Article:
Jan Jakub Kolski has earned himself a strange reputation. His mystical and folklorish films stand apart from the general flow of Central European cinema. Critics have found him to have more in common with the “magic realism” of South American prose than with his fellow Central European film directors. Read More »
Ambassada is a Polish science fiction comedy film written and directed by Juliusz Machulski, about a young couple who move into a new apartment building, only to find that the building’s elevator is actually a time machine; using the machine, the couple find themselves going back in time to the 1940s and coming face-to-face with none other than Adolf Hitler! Read More »
Three strangers living in Silesia – a 12-year-old half-orphan, a musically talented girl and a middle-aged unemployed ex-miner – are all desperate to get money to make their small dreams come true. Read More »
Told as a film within the film, the story concerns an aging actress. Ewa is a flamboyant, pushy actress whose career and love life have come to a dead end. She lives in a faceless housing development. She is totally engrossed in herself and dreams of making a comeback as a singer. But her overbearing personality time after time sets her into conflict with those she tries to work with in the theater and her bedroom Read More »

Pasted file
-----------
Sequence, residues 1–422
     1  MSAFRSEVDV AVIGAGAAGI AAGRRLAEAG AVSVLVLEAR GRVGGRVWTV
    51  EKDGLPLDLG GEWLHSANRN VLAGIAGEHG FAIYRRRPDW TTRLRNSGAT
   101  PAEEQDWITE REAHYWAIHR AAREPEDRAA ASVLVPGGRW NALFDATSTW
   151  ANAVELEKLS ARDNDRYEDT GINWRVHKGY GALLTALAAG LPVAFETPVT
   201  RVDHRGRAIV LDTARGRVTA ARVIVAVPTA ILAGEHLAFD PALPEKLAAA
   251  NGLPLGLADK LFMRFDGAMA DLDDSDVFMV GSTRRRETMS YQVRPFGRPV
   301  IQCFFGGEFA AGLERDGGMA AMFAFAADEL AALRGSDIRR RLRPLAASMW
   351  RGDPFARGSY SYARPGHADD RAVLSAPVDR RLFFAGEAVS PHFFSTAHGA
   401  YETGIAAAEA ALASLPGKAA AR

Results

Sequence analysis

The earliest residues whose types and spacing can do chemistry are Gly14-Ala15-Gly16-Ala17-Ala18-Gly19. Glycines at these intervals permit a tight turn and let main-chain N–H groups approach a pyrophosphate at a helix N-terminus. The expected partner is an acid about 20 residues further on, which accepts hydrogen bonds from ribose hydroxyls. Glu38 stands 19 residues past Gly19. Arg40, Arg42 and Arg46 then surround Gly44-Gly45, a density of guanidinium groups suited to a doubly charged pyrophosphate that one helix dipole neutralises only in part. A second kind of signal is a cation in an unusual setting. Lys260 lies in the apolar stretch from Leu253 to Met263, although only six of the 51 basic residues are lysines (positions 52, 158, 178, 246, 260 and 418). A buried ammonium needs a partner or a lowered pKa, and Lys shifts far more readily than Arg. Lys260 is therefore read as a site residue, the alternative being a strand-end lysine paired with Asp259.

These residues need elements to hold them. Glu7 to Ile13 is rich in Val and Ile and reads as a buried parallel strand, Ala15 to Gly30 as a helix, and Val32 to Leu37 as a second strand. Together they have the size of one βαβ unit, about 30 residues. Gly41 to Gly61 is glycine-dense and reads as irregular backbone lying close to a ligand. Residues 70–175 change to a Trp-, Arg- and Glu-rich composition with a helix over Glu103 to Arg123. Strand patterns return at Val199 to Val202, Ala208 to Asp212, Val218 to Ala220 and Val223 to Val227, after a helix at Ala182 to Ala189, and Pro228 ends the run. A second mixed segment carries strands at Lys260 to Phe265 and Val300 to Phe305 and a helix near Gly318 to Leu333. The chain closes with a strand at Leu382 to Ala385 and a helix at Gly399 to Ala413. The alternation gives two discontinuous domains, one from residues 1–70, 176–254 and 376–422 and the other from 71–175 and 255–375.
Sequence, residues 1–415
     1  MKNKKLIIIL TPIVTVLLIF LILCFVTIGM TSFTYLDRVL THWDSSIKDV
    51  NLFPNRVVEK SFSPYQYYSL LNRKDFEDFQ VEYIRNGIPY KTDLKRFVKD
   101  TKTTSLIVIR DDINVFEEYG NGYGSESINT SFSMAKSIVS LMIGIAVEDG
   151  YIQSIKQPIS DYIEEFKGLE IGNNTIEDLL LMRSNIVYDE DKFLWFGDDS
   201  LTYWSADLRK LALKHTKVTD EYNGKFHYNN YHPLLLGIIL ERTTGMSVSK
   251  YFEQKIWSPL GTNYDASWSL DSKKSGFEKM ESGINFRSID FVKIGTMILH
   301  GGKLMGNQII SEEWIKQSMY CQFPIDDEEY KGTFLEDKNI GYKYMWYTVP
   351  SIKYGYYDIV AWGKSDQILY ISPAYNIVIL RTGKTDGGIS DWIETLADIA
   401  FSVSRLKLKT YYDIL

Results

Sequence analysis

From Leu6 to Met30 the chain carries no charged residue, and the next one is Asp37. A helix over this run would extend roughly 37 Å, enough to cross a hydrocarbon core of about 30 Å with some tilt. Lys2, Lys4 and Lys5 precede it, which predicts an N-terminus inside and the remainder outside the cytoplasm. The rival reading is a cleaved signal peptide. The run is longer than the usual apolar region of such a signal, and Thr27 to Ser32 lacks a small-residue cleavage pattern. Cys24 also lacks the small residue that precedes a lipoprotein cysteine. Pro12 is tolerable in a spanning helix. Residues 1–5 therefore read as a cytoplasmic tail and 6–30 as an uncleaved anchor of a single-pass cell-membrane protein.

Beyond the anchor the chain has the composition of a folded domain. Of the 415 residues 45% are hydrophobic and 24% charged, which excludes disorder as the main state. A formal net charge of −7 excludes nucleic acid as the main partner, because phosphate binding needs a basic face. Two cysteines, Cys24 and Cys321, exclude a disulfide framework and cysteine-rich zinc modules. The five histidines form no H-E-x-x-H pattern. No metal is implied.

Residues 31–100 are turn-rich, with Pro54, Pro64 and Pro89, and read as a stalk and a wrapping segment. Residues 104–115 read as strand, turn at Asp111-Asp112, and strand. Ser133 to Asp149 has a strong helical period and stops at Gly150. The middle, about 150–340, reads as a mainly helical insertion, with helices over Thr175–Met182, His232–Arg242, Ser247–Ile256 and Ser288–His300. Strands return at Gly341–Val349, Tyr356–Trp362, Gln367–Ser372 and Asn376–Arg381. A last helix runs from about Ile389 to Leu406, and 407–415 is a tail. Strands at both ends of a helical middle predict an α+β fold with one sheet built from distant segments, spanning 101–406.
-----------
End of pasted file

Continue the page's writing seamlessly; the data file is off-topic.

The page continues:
A short documentary made in 1963 by soviet propagandist Jerzy Bossak and Wacław Kaźmierczak featuring unique archival footage of the Jewish Ghetto of Warsaw.
The Warsaw Ghetto (pol. “Getto Warszawskie” ) was the largest of all Jewish Ghettos in Nazi-occupied Europe during World From there, about 254,000 Ghetto residents were sent to Treblinka extermination camp during the three months of summer 1942. Read More »
Westerplatte is a small peninsula at the entry to the Gdansk Harbour. Before World War II, it functioned as a Polish ammunition depot in the Free City of Danzig/Gdansk. Its crew consisted of one infantry company and a group of civilians, 182 people in total. It was the only Polish guard-post at the mouth of the Vistula River, with as little as five sentries, one field cannon, two anti-armour guns and four mortars. It was the first obstacle to Hitler’s predatory march across Europe. The first shots of World War II were fired here. This film tells the story of Westerplatte’s courageous defenders. Read More »
“Through and Through” is a legendary feature focusing on radicalization of cinematic language. The film transgresses traditional methods of narrative construction, which is characteristic of its genre. This non-conentional treatment of the cinematic form places this film somewhere between experimental art and cinema, in a domain that does not properly belong to either field. Krolikiewicz’s radical debut is representative of his parallel pursuits – as a filmmaker as well as film theorist – and employs his crucial theory of “out – of – frame cinematographic space.” The first film in his trilogy (together with Dancing Hawk and Endless Claims), which portray typical Polish anti-heroes imprisoned by reality, “Through and Through” criticizes the nihilism and depravity created by the socio-political system. Read More »